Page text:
X is for Xylophones #AtoZChallenge

Post by Guest Blogger
Ian Roberts

Xylophones—simple instruments that parents dread their children getting but can't resist trying for themselves—bear comparison with the process of plotting, characterising and writing a book. All of these require a willingness to release the inner child's curiosity and risk making something interesting from it. Whether the way you write is carefully planned or not—and I've tried both approaches—researching a possible framework provides an instrument and the keys to what might become a story.

Just as, if you aren't musical, working on the plot and characters for a new book by selecting the keys to strike - and in what order - is a matter of trial and error: the more you do it, the more you become familiar with the possibilities and pitfalls. Gradually, you learn how to pick out the kind of sounds you want and—just as important—develop a tempo that is appropriate to them.

Since it's a matter of trial and error, the rhythms and melodies have to be revised—or redrafted—and doing this is the means by which the different sections and eventually the whole piece lodge in your mind sufficiently to be able to play them in your head; in my case, visualise and re-read them. At that point, you have the luxury of being able to focus your thoughts on specific parts of what you have done and the way they relate to others without actually being engaged in playing or writing and, thus, to be able to reshape or reorder them somewhere else entirely.

Out walking, for instance, listening to music or watching something. Part of the mystique of this, in my experience, is discovering the truth in the saying that characters and stories can start to write themselves. Instead of simply playing the instrument or writing the book, the process becomes a dialogue in which the characters themselves show you possibilities you hadn't previously considered, and different paths through the plot—even to the point of refining the whole. It's as exhilarating for me as the point of take-off in an airplane is for people who don't share my doubts about the wisdom of being thousands of feet above the ground.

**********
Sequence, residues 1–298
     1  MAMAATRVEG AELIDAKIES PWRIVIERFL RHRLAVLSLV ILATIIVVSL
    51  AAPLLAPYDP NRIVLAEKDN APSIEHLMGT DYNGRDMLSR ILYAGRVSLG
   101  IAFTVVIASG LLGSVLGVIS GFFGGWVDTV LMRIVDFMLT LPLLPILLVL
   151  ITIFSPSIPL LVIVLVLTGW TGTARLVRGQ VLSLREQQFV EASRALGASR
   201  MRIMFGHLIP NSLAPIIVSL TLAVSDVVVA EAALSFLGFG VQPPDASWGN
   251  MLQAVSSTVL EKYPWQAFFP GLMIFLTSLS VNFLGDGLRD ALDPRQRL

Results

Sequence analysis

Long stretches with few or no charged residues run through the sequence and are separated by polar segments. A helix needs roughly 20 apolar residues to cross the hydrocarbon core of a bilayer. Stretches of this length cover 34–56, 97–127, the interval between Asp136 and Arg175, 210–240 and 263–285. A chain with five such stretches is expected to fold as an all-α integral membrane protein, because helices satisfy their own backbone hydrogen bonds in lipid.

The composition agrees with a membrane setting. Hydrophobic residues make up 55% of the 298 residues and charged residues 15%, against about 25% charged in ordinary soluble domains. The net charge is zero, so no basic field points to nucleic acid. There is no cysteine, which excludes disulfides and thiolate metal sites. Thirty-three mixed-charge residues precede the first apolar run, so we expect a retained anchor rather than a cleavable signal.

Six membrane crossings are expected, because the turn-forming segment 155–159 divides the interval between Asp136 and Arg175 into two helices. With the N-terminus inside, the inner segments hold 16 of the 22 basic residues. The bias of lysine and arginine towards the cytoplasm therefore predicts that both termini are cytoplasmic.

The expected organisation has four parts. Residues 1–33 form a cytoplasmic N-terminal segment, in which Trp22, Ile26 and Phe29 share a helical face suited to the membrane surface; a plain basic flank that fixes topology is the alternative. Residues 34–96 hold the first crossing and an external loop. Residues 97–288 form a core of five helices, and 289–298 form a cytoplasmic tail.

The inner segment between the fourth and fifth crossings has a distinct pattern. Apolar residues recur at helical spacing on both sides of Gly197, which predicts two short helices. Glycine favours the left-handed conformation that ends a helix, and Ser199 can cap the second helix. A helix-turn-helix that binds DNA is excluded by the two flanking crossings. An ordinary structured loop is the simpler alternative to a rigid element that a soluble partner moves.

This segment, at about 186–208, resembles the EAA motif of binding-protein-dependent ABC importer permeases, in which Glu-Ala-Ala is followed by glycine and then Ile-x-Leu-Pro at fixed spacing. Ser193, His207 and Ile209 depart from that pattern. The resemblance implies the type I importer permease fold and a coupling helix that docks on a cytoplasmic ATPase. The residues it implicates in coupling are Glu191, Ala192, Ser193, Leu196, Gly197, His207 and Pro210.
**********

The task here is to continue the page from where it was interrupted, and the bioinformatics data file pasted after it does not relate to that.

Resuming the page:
The first three books I wrote were based on general ideas which I drafted out in full and the process of editing and remoulding what I had delivered plots and characters which were different than those I'd envisaged. Not a million miles from them but, I am confident, far better.

I planned the one I'm writing at the moment in more detail and decided to write it in scenes which would fit into the story at different points for two reasons: shorter sections would make it easier for me to proof-read each more effectively—I can't afford to pay someone else—and make it easier to ensure that the historical content didn't drown the story—or the reader. Interestingly, both methods have led me to that same sense of lift-off.

Over time, I hope this will lead to improvement, particularly with feedback. At present I feel certain that my fourth book will be better than the others, although I know progress isn't necessarilly linear. Either way, the moment when you feel that you have pushed what you have as far as you can is like the feeling of liberation that is reflected in children's faces when they bring their efforts to a conclusion, be it a mighty final series of strikes or a flourish which runs over all the keys.

A little about Ian Roberts

Grizzled 61 year old teenage ageing bluesman with three historical fiction novels on Kindle. All 4/5* reviewed. Sometime hospital porter, croupier, antique dealer's warehouseman, research asst. and, in the end, career teacher, now retired. Writing for five years now—first three books simultaneously. Now 40,000 words into a new book about the fine lines between different types of driven behaviour, self-deception and the psychotic spectrum through four key characters in 1880s and 1890s East Texas.

Check out his website HERE.

His books: Henry and Isaac, To the End of the Trail, and Old Bones.

Follow him on Twitter: @DonQuixote43rd

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